What to Do When You Get a New Boss

What to Do When You Get a New Boss

Whether you’re starting out at a new job or getting a new manager, your top priority will be to make a strong first impression on your new boss.

But in order to get your new boss to notice you, you’ll first have to understand what makes your boss tick. 

What are your new manager’s priorities? What are they passionate about? How do they measure success and what do they expect from their employees? These are just some of the questions you’ll want to explore when you get a new boss. 

Working with a new boss can be stress inducing, but it doesn’t have to be. Below are tips and strategies you can use to build a trusting relationship with your new boss and get them to recognize your worth. 

Do your research 

If you want to get off on the right foot, then try to familiarize yourself with your new boss beforehand. Check out their LinkedIn profile and previous work experience. Read articles they’ve written or watch talks that they’ve given. What kind of industries have they worked in? What special skills or interests do they have? What cities have they lived in?

These personal details will come in handy when you first meet your new boss. For example, bringing up a colleague you have in common can make your first interaction feel less intimidating, and help you quickly establish rapport

Be a sponge

In the first month of working with your new boss, soak up as much information as you can about them.

Observe your new boss in action and note their patterns and preferences. How do they like to conduct meetings? What information do they always require? What’s their communication style? For example, does your boss like concise text messages? Or do they prefer to meet in person? Does your boss like frequent updates? Or do they only want the headlines at the end of the week?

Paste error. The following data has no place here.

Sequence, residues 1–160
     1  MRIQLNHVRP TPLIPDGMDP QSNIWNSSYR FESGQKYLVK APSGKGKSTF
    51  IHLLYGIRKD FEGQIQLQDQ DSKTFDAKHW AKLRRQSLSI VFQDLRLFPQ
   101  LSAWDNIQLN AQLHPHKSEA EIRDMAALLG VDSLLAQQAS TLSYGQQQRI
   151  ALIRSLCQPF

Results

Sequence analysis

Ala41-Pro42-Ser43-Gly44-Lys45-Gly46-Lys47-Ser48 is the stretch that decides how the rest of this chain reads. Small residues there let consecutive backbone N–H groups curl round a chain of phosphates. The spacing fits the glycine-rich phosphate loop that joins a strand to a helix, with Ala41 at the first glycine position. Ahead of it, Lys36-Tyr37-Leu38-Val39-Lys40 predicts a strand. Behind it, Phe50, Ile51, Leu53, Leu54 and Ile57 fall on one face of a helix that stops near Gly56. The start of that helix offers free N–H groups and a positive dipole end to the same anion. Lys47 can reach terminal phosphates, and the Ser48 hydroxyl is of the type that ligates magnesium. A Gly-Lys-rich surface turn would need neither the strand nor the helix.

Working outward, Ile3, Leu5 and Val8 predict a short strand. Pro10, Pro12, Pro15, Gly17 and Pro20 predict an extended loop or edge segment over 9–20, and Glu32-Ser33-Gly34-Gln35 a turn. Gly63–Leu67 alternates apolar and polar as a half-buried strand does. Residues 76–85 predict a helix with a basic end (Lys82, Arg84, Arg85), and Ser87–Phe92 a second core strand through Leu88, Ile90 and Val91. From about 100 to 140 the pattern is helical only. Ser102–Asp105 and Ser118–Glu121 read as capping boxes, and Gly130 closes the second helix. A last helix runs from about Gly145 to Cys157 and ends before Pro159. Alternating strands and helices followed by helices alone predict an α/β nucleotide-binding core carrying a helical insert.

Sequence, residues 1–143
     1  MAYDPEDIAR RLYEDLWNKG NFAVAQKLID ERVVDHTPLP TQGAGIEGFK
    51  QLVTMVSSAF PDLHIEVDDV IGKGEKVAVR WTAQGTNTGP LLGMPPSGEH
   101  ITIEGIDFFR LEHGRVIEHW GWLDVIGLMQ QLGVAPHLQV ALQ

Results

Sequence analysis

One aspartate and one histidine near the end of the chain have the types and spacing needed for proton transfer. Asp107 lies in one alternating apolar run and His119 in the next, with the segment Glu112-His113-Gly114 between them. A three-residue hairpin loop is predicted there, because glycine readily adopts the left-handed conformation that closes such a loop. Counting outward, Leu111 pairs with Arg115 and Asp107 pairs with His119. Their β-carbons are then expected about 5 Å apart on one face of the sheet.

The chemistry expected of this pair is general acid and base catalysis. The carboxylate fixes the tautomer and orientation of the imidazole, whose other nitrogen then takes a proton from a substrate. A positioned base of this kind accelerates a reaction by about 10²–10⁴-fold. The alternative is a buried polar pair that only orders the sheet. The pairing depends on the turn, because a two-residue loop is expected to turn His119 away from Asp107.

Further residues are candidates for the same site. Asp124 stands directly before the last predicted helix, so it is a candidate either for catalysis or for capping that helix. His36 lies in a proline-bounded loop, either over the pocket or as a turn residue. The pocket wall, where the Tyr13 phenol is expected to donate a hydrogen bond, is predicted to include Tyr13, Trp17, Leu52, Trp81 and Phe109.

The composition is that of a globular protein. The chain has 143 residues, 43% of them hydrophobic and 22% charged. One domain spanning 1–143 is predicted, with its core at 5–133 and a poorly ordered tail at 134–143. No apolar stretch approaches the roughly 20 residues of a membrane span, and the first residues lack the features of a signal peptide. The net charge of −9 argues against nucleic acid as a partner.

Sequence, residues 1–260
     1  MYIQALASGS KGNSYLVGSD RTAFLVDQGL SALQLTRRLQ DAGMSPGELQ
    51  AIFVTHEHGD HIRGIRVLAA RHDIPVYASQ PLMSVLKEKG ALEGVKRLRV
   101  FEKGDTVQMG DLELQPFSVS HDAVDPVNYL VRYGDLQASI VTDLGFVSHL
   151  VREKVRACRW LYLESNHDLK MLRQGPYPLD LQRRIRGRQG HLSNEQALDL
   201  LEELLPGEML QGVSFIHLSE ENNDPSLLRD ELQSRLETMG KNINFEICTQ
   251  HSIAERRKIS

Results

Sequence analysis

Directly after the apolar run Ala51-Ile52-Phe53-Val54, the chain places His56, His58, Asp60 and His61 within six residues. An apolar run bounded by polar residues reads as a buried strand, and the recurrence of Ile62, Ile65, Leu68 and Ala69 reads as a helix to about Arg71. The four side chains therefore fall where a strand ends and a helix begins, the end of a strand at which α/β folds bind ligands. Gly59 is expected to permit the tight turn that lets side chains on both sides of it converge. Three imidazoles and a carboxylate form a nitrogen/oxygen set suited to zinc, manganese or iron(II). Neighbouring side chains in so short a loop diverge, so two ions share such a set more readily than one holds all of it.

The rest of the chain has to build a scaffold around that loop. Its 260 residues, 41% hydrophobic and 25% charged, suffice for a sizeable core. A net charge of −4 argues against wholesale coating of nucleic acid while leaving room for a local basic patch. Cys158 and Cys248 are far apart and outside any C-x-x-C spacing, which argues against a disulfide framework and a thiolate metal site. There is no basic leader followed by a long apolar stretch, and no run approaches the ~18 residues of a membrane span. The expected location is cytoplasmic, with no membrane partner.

Ann Hiatt, the former Executive Business Partner to Jeff Bezos, talked about her experience starting off as a junior assistant to the former Amazon CEO in the podcast What I Wish I Knew. In the interview, she describes setting aside time each day to read what Bezos read, familiarize herself with key people and terms, and read the newspapers Bezos read in the morning. All of this intel would help provide a better understanding of her new boss and his work. 

Being a sponge will help you anticipate your new manager's needs and understand where they’re coming from. Taking the time to listen, watch, and do your research will help you excel in your role and start off strong. 

Know how to present information to your new boss

Not all bosses like to receive information the same way. 

Some bosses are visually oriented and need decks and charts, while others like briefing documents with pages of background information. Some bosses like stories and personal anecdotes, while others want nothing but facts and figures. 

Let’s say your old boss was open to hearing new ideas, but your new boss is much more data driven. Then make sure you support your idea with the relevant stats and research